The compounds in Monza will be hard and medium.
Mercedes have indicated they may have to drop one of their two drivers if they can’t get along. I think that’s a gross over-reaction, as was their condemnation of Rosberg during the Spa race. Drivers including Vettel, Hulkenberg and Alonso have since said they believe the collision to have been a racing incident, a view that I subscribe to.
The FIA will not have a look at it, something Hamilton’s questioned. The Briton (whether you believe the incident to be mistake or malice) currently has a lot of sympathy but such utterances may lose him some.
Anyway, the circuit in Italy is rather nice. It’s a collection of straight lines with very few proper corners, so straight line speed is what matters most. This will help cars powered by a Mercedes and probably hinder Ferrari-powered cars the most. The Parabolica, which is a proper corner, has been emasculated this year by the removal of a gravel trap outside the track limit and its replacement with weak-kneed tarmac. Damned shame.
In P1 Hamilton was over half a second ahead of Button, with Rosberg third and almost a whole second behind his team mate. Then we had Alonso, Magnussen, Vettel, Raikkonen, Perez, Kvyat and Hulkenberg.
McLaren look surprisingly tasty, and the Mercedes drivers’ difference I would put down to fuel loads or suchlike. Neither Williams is in the top 10, which either means my early bets are the most stupid thing since George Lucas thought of Jar Jar Binks, or they’re sandbagging and were bursting with fuel.
In P2 Rosberg was fastest, but less than a tenth ahead of Hamilton. Surprisingly, Raikkonen was third, barely a tenth off the pace and two-tenths ahead of Alonso. Bottas, Button and Vettel were separated by four-thousandths of a second, with Magnussen, Massa and Ricciardo rounding out the top 10.
Hamilton missed about an hour of P2 due to a problem with the car (getting the engine fired up, I think). He came very close to Rosberg’s time but never seemed at ease (can take that either way, as it could mean he’s got extra speed in his pocket, or that he’s on edge). McNish reckoned the Mercedes was fastest over one lap but on race pace Williams were top, with Mercedes second and Ferrari/Red Bull about the same. However, overtaking can be tricky and a single stop is expected during the race so that might yet be advantage Mercedes.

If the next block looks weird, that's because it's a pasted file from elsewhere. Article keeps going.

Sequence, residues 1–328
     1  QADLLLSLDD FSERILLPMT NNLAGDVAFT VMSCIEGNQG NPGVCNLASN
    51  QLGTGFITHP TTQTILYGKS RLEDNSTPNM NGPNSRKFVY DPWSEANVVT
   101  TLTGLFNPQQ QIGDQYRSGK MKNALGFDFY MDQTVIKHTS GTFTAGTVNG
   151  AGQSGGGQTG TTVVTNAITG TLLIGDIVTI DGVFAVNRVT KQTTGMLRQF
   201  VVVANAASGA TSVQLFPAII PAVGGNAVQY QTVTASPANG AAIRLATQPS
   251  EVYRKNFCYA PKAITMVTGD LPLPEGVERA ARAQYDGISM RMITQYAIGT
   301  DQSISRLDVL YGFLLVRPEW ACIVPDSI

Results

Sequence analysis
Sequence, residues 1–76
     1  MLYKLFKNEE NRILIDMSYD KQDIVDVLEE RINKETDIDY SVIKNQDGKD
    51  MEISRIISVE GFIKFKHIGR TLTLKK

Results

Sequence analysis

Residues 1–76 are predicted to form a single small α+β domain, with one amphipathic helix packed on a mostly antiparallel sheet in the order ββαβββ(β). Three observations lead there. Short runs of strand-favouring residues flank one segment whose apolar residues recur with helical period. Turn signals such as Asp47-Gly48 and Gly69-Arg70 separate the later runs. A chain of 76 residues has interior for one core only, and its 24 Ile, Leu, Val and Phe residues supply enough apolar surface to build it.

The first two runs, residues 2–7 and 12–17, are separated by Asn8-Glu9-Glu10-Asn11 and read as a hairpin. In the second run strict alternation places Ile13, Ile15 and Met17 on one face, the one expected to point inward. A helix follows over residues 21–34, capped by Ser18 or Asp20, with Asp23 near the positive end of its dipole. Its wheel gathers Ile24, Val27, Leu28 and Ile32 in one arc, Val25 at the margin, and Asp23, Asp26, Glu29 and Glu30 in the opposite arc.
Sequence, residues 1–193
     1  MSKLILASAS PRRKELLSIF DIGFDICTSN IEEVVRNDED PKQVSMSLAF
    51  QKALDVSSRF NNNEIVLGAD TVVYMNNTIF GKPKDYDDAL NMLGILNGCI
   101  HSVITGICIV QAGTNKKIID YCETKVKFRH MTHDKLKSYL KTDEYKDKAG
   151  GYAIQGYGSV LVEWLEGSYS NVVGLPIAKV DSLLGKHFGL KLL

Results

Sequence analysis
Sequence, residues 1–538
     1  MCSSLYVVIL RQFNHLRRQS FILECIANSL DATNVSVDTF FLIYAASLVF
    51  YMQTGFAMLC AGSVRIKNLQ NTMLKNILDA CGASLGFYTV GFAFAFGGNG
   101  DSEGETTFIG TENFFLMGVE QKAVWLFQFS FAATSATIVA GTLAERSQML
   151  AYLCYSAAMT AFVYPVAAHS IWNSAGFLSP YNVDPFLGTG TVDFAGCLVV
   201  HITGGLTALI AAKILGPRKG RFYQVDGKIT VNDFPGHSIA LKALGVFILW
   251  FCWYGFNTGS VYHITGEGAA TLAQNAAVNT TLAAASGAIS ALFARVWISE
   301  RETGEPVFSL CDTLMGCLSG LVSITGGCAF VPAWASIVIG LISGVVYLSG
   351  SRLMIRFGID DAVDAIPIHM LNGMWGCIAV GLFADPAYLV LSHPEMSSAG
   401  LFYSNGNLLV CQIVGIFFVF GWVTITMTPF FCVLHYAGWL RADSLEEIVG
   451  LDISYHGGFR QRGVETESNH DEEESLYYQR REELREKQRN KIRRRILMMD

In P3 Hamilton was fastest by over four-tenths, with Alonso second, a little way ahead of Bottas and Massa (whose times were very close). Button was next, then came Vettel, Raikkonen, Kvyat, Ricciardo, and Hulkenberg.
During P3 the commentators referred to rumours that the Ferrari engine has been somewhat improved in power terms. This would explain them being more competitive than might’ve been the case. The Ferrari team also changed their gear ratios (which you can only do once this season). From next year ratios will be fixed for all year long.
In P3 Rosberg had a gearbox problem which prevented him getting much running. The team was hoping to get it sorted without needing to replace it for qualifying, and we’ll see whether that’s the case or not [if not he’ll get a grid penalty]. Perez also suffered a gearbox problem which caused his car to stop on track. Neither got to have a run at qualifying simulation.
Brakes and DRS were not working that well, Hamilton claimed. Hopefully that won’t recur during qualifying/the race.
P3 also saw Vettel complain the K was misbehaving, (kinetic energy). That’s very significant as it could mean a loss of power which would cost him dearly, as well as altering brake balance and causing potential brake failure (see Mercedes in Canada). Rocky, Vettel’s race engineer, suggested it was a one-off sort of problem.
Mercedes has a long ratio (barely using 8th gear), with Force India close to that and the other teams shorter. A longer ratio may help the gearbox (fewer gear changes) but won’t boost performance.
Kvyat gets a 10 place penalty for being on his sixth engine (season limit is five).
Potential bets -
Alonso top 3 in qualifying
Lay Kvyat points
Lay Rosberg podium (if he gets a grid penalty)
I’m not sure about Alonso being top 3. His odds were 3 (there was a tiny amount at 4.5), which is too short. I think Raikkonen or the Williams could pose a risk, so no bet there.
The Kvyat points bet is based on a probable qualifying of around 8th and starting 18th with the penalty. However, as there was £10 available at 21, which is horrendous, no bet.
Laying Rosberg for the podium was based on a race competitive Williams and Red Bull coupled with a potential grid penalty. But the odds were a downright stingy 1.43.
Hamilton’s likely to get pole, but 1.66 isn’t that tempting given Rosberg’s strong record. Rosberg was 3.4, but if he did get a grid penalty he might well alter his car set-up to maximise overtaking potential at the expense of overall pace, compromising qualifying.
So, no bets at all. I do expect it to be very tight between Williams and Ferrari after the Mercedes, with Red Bull and McLaren also close together.